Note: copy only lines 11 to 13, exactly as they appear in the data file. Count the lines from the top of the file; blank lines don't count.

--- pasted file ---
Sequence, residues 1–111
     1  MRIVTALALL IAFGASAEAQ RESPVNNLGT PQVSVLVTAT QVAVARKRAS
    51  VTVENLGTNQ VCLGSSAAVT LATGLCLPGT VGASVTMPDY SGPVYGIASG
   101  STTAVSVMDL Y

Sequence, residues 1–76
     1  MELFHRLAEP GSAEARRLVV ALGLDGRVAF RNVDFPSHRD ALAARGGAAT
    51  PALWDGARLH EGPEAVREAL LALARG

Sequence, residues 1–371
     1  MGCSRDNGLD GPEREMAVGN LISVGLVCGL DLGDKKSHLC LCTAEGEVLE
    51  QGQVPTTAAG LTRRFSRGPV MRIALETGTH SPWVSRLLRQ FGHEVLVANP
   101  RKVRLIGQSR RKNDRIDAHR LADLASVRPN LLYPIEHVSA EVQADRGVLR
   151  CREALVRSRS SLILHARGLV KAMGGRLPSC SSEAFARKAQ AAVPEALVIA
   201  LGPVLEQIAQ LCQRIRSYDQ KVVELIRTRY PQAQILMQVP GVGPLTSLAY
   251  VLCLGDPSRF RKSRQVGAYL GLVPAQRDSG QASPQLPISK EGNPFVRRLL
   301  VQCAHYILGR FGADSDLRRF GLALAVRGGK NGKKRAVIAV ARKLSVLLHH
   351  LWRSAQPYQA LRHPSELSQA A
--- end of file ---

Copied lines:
   101  RKVRLIGQSR RKNDRIDAHR LADLASVRPN LLYPIEHVSA EVQADRGVLR
   151  CREALVRSRS SLILHARGLV KAMGGRLPSC SSEAFARKAQ AAVPEALVIA
   201  LGPVLEQIAQ LCQRIRSYDQ KVVELIRTRY PQAQILMQVP GVGPLTSLAY